Bourbon, by law, has to be at least 51 percent distilled from corn. In the case of Russell’s Reserve Bourbon, I’d be willing to be the other 49 percent is rye.
This is a striking doppelganger to Russell’s appealing Reserve Rye, and the similarities are uncanny. And yet I found myself wishing this was a more straightforward bourbon — it lacks the sweetness that makes good bourbon so appealing, but the rye-like characteristics are too muted here to appeal to fans of the spicy stuff. It ultimately tastes more like a blended whiskey than a bourbon, which will sadly please very few drinkers who are attracted by the promise of 10 years of age.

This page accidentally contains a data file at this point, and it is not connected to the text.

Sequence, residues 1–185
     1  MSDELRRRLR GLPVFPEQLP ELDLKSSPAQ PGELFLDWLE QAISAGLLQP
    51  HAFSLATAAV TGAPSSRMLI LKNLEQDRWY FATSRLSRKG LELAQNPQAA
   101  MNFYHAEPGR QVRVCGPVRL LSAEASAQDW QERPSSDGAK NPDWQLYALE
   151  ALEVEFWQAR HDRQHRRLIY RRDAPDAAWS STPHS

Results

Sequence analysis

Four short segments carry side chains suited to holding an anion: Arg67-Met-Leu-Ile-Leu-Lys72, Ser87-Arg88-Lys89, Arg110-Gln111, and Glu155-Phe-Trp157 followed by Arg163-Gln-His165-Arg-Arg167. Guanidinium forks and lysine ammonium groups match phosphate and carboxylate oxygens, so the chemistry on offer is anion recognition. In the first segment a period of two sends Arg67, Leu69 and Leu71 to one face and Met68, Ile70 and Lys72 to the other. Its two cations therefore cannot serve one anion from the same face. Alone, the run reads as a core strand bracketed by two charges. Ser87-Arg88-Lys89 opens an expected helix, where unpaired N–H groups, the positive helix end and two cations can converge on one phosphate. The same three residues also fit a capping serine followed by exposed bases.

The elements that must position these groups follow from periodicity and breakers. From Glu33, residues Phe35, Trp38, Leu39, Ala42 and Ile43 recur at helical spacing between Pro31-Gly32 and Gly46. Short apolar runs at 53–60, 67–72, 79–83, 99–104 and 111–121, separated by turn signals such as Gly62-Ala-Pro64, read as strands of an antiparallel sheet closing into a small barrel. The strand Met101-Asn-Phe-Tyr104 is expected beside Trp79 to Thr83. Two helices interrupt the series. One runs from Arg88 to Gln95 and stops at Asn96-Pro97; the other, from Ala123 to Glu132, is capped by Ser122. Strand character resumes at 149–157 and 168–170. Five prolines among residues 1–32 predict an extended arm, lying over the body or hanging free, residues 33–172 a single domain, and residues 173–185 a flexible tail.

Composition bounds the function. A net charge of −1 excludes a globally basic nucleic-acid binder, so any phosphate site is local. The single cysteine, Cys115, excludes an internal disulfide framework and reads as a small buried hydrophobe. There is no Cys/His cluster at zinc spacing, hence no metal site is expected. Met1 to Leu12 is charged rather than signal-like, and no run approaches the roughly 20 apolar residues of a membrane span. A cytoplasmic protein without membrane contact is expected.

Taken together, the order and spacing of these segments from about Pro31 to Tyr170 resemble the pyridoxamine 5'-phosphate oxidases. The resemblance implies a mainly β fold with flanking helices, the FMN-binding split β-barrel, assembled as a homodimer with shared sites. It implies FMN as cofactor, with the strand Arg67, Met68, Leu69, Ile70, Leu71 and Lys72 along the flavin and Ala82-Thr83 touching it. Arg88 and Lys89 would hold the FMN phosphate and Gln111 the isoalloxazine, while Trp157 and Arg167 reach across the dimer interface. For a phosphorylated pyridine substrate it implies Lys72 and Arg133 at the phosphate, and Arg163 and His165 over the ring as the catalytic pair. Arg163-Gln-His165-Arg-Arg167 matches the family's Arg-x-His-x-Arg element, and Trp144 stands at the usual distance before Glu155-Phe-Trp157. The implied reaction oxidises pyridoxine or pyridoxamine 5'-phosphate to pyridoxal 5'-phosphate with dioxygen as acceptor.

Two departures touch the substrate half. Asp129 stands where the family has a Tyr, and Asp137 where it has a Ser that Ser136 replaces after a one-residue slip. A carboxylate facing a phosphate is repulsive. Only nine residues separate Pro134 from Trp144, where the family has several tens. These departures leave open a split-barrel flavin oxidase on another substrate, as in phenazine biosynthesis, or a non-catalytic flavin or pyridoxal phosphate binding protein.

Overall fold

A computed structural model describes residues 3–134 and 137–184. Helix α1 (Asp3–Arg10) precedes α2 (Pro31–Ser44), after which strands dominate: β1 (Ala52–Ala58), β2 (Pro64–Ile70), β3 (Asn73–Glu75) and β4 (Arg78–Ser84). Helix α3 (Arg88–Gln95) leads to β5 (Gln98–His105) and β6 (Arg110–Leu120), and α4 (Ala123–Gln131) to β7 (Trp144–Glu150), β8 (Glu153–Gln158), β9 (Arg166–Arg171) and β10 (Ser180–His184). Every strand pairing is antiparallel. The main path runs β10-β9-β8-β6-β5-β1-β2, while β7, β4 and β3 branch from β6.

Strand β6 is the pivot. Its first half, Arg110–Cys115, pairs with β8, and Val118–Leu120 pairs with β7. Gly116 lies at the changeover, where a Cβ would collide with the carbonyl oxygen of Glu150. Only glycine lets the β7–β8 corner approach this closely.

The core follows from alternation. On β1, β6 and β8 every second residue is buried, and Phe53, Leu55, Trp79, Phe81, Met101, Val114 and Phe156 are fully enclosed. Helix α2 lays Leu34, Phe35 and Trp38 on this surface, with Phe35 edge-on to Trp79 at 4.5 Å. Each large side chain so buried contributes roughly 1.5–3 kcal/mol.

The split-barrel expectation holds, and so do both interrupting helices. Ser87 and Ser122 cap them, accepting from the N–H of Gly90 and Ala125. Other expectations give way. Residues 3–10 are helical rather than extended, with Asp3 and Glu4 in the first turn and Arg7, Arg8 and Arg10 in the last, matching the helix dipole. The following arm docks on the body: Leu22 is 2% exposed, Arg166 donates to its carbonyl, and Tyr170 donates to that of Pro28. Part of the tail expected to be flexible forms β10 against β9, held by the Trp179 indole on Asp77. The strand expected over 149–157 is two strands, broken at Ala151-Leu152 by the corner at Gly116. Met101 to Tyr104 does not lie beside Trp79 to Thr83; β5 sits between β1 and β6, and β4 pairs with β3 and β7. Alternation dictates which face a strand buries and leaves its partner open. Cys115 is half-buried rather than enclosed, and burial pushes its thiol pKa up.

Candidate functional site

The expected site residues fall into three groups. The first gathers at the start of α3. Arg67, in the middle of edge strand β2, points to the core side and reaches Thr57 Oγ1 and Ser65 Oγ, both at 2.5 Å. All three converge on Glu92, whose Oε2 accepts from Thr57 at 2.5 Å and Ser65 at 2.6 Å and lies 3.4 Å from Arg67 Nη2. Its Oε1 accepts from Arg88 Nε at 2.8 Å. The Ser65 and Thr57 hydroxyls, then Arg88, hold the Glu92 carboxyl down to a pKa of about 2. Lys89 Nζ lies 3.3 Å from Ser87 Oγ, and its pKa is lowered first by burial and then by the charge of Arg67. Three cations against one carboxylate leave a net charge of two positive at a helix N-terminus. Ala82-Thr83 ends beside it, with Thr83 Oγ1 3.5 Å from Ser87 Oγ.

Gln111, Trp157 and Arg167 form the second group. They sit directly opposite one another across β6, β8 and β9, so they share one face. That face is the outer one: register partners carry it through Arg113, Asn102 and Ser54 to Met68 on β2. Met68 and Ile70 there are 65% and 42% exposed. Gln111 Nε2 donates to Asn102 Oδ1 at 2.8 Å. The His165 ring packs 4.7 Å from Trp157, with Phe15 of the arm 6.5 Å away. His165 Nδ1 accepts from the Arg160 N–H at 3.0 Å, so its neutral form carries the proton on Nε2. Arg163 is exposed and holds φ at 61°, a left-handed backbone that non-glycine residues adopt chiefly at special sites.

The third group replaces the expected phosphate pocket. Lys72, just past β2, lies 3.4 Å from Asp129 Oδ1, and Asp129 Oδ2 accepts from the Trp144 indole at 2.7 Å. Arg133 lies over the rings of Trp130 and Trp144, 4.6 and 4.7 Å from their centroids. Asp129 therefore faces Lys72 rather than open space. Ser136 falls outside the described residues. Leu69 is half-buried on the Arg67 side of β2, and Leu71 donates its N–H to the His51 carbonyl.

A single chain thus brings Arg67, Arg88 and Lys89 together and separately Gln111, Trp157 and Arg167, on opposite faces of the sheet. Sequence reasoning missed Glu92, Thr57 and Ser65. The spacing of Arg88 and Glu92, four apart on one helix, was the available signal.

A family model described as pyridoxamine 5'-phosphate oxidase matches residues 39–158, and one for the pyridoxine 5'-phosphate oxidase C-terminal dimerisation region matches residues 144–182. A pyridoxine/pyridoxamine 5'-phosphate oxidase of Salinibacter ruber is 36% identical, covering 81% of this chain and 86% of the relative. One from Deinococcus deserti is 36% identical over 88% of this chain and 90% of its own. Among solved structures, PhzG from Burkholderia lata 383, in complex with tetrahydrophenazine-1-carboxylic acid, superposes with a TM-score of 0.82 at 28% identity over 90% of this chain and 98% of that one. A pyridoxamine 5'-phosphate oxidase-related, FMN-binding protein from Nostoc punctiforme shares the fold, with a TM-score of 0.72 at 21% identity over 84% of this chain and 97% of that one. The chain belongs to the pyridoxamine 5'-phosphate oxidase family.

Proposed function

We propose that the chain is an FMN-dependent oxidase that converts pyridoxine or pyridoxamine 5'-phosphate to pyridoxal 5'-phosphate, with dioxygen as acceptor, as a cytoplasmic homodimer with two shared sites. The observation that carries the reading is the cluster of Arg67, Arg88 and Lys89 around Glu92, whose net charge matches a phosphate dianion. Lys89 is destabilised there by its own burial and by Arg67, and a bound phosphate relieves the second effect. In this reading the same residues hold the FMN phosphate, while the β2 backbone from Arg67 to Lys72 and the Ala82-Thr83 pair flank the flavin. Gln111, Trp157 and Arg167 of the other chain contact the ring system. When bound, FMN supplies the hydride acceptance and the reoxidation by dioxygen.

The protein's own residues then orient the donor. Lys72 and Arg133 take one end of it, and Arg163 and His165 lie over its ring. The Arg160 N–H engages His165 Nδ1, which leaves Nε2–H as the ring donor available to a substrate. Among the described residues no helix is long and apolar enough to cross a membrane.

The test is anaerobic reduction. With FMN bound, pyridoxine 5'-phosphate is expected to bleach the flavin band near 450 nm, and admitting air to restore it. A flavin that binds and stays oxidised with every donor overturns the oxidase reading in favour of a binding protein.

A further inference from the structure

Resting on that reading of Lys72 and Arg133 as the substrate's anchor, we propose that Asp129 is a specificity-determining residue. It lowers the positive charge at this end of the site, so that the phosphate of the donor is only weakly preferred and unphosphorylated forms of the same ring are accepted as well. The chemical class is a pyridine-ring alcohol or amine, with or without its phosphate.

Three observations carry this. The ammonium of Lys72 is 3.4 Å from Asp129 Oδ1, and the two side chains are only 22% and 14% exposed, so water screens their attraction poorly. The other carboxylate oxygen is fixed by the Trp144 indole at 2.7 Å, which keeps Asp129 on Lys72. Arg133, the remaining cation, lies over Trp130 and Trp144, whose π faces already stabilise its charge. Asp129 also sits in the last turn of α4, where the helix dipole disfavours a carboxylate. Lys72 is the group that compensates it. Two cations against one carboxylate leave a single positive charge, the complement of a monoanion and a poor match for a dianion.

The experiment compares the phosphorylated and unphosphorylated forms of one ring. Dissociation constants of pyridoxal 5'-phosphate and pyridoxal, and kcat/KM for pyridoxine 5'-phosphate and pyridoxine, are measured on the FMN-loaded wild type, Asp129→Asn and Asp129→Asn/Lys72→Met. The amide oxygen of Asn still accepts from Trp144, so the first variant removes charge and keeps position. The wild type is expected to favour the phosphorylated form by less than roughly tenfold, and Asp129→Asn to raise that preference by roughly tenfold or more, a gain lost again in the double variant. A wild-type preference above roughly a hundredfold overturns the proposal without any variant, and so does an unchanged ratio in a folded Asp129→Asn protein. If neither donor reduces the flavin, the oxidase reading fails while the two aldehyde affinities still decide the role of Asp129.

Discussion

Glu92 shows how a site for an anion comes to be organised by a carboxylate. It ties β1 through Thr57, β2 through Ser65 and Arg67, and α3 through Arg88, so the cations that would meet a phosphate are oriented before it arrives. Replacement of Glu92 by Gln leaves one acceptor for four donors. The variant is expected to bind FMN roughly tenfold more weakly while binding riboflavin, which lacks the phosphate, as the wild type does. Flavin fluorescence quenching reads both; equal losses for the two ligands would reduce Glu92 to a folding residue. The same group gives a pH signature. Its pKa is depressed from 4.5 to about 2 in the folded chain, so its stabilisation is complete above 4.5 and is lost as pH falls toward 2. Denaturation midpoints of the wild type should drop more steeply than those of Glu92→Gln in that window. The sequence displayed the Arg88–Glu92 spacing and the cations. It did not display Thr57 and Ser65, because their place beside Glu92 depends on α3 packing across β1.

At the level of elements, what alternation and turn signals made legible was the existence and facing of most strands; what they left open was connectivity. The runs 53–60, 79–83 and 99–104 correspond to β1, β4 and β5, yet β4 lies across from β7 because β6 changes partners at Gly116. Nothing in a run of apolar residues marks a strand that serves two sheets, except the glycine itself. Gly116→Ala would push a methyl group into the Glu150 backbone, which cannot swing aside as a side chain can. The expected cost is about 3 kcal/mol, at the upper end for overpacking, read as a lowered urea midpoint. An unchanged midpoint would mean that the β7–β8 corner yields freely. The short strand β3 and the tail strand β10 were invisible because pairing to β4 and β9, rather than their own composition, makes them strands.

At 90 proof, the bourbon is improved with a little water, but still it lacks uniqueness. Part of the Wild Turkey family, it shares some of its DNA with its pappy, also displaying distinct apple notes but also coming off as thin. I’ve tried it for four nights running in various proportions of whiskey and water, with consistent notes.
A major bright spot: At $23, it’s an awfully appealing buy for a 10-year-old whiskey, but I’d expect to use it primarily in mixed drinks.
B- / $23 / wildturkeybourbon.com